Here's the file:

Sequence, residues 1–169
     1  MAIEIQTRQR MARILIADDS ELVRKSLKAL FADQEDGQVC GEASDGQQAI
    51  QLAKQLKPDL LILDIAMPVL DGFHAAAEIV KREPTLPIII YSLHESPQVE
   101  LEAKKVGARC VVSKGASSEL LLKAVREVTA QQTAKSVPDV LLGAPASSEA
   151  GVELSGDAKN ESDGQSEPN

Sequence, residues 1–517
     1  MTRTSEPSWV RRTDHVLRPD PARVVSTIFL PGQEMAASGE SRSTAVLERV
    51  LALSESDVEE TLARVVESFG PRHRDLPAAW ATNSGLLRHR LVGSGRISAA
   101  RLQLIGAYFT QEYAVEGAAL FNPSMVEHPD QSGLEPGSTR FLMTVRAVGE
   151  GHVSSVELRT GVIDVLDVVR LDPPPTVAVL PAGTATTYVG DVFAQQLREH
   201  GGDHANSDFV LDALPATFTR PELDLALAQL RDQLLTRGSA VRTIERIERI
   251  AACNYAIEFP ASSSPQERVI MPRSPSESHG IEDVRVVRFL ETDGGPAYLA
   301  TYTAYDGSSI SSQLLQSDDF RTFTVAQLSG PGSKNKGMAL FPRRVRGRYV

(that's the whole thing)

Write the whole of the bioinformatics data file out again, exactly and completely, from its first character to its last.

Sequence, residues 1–169
     1  MAIEIQTRQR MARILIADDS ELVRKSLKAL FADQEDGQVC GEASDGQQAI
    51  QLAKQLKPDL LILDIAMPVL DGFHAAAEIV KREPTLPIII YSLHESPQVE
   101  LEAKKVGARC VVSKGASSEL LLKAVREVTA QQTAKSVPDV LLGAPASSEA
   151  GVELSGDAKN ESDGQSEPN

Sequence, residues 1–517
     1  MTRTSEPSWV RRTDHVLRPD PARVVSTIFL PGQEMAASGE SRSTAVLERV
    51  LALSESDVEE TLARVVESFG PRHRDLPAAW ATNSGLLRHR LVGSGRISAA
   101  RLQLIGAYFT QEYAVEGAAL FNPSMVEHPD QSGLEPGSTR FLMTVRAVGE
   151  GHVSSVELRT GVIDVLDVVR LDPPPTVAVL PAGTATTYVG DVFAQQLREH
   201  GGDHANSDFV LDALPATFTR PELDLALAQL RDQLLTRGSA VRTIERIERI
   251  AACNYAIEFP ASSSPQERVI MPRSPSESHG IEDVRVVRFL ETDGGPAYLA
   301  TYTAYDGSSI SSQLLQSDDF RTFTVAQLSG PGSKNKGMAL FPRRVRGRYV